This calculation implicitly assumed a complete translation of the image quality advantage to reduced scan time. Different formulas hold if the dose regimen is different or time or NECD are not constant.
Determination of Different Dosing Regimens: Constant NECD and Scan Time and Dose Reduction
The calculation of a full translation to dose reduction is illustrated in Figure 3C, which also plots weight as a function of the dose that results in imaging at reference NECD, as calculated in Figure 3A. The logarithm of the dose data points as a function of weight can be fitted with a straight line (R^{2} = 0.88), giving the relationshipEq. 2
A straight line was found to correlate well with the doses injected clinically (dose [MBq] = 4.60 × w + 3.37; R^{2} = 0.99) and is shown in Figure 3C, which also shows the dose for 90% NECR.
A firstdegree polynomial was also fitted to the ratio of the dose necessary for constant NECRD and the dose used clinically, calculated for each patient, to obtain an estimate of the dose reduction (R^{2} = 0.68, which improves only slightly to 0.69 with higherdegree polynomials and to 0.72 after logarithmic transformation). The value of the polynomial was normalized to 1 at the reference weight to eliminate the approximate 10% inconsistency between the fitting polynomial and the reference data point due to data scatter, yielding d/d_{r} = 0.0113 w + 0.21. This curve is also shown in Figure 3D.
Determination of Different Dosing Regimens: Constant Quality, Scan Time, and Dose Reduction
NECD can be traded for both a scan time and a dose reduction, neither of which is as large as indicated in the previous 2 sections.
To obtain the time reduction for a given dose, Equation 1B can be solved for τ:Eq. 3where d is the desired dose, in megabecquerels, which may be given by the clinical regimen or be lower. In the former case, because of data scatter, Equation 3 is logically equivalent to Equation 1, but not numerically.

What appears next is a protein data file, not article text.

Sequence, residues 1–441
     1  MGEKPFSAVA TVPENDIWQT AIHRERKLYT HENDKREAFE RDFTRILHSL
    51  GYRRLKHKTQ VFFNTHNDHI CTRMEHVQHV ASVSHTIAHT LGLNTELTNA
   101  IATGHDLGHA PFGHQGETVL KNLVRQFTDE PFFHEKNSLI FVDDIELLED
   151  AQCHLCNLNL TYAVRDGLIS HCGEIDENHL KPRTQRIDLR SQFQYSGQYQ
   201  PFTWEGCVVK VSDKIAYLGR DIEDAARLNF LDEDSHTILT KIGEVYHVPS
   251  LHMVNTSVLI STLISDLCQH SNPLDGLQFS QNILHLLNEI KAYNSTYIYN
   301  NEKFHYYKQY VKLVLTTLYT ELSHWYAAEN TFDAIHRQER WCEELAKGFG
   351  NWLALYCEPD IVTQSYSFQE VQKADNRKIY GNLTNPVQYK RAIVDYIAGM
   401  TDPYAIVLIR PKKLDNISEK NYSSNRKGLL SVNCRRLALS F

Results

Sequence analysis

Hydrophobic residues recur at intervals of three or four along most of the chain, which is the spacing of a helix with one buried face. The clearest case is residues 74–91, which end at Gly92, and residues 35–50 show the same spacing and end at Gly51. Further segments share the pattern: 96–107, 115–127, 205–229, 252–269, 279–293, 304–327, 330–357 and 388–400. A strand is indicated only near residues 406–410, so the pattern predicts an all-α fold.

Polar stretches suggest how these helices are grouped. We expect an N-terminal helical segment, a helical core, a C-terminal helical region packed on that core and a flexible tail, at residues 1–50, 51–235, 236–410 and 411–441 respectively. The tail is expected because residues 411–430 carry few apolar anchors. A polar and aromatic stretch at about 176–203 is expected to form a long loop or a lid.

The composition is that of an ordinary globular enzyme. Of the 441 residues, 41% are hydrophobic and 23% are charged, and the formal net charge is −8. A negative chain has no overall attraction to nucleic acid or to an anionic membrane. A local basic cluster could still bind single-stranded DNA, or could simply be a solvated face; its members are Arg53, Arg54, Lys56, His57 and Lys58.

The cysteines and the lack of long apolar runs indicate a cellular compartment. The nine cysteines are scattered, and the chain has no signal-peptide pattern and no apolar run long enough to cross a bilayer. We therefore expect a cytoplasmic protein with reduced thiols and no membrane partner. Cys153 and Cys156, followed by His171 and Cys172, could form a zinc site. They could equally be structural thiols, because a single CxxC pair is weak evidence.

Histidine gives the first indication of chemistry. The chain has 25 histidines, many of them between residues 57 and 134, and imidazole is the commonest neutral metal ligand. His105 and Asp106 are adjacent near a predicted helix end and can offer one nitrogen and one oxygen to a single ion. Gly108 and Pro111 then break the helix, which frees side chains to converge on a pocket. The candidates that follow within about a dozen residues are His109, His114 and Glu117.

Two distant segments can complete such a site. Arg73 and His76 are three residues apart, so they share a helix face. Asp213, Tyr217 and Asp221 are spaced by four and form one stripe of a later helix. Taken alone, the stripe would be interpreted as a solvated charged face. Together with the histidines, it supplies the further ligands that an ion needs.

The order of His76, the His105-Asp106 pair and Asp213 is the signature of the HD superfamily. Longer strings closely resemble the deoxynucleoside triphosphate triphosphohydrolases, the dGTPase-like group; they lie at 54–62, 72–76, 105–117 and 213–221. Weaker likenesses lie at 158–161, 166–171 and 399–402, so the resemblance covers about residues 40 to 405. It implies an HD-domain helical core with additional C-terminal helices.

If instead the desired time fraction τ is known, Equation 1B must be solved for d. The dose sought is given by the minimum of the 2 roots of the seconddegree polynomial:Eq. 4
If τ is set to 1 (i.e., no time reduction), the same result as in the previous section, in which all advantage was converted to dose, is logically obtained but not numerically, again because of data scatter.
It is also possible to trade only part of the excess NECD; this is conveniently done using the desired value of NECRD(d_{r}, w_{r}). For example, to image with NECRD 20% larger than in the reference case, it is sufficient to use NECRD(d_{r}, w_{r}) = 1.2 × 8.3·10^{−4} = 9.96·10^{−4}. Equations 3 and 4 are modified accordingly.
Correlation to Patient Statistics Other Than Weight
Weights retrieved from PET file headers and girths, which were measured as the total number of pixels subtending each patient in the transmission scan, were available for all patients. Because all bed positions cover the same axial extent, this is more properly a measure of patient crosssection, averaged over the axial field of view covered at each bed position. Heights were retrieved from patient charts but were not always available. For the 59 of 73 patients whose height was known, correlation of the dose for constant NECD and imaging time to weight, height, girth, and BMI was attempted. The correlation coefficient was R^{2} = 0.86, 0.69, 0.81, and 0.82, respectively. For this reason, weight was identified as the best single predictor of optimal dose when imaging at constant NECRD and time.
Comparison to Other Pediatric Dosing Rules
Several rules have been proposed over time to calculate pediatric from adult doses. The 5 popular rules given in Table 1 were applied to derive doses for patients whose data were available. For each patient, the weight was plotted in Figure 5 against these doses to provide a comparison to the results of NECRD analysis.
DISCUSSION
Figure 1A verifies that the clinical injection protocol results in operation at or close to 90% peak NECRD for an adultsized patient. This is generally true for patients weighing 60 kg or more (Fig. 4). In lighter patients, imaging occurs at a much lower fraction of the peak NECRD. Thus, for these patients it is possible to increase the injected dose without saturating the scanner. This choice would minimize scan time and improve patient flow but also increase the radiologic dose. However, the current clinical dose already achieves in lighter patients a much higher absolute value of the NECRD than in adults (Fig. 3A). Thus, when scanning a light patient for as long as the reference patient is scanned, which is the current clinical practice, a higher NECD is expected. If constant image quality is sought, the dose can be reduced. Figure 1C shows the specific case of one such patient. Figure 3 extends this analysis to all patients. For patients heavier than the reference scan, line A (Fig. 1C) does not usually intersect the NECRD curve. This is consistent with the observation that, for such patients, constant image quality can be achieved only by scanning for a longer time (1). These patients were necessarily not included in the calculation of time and dose reductions.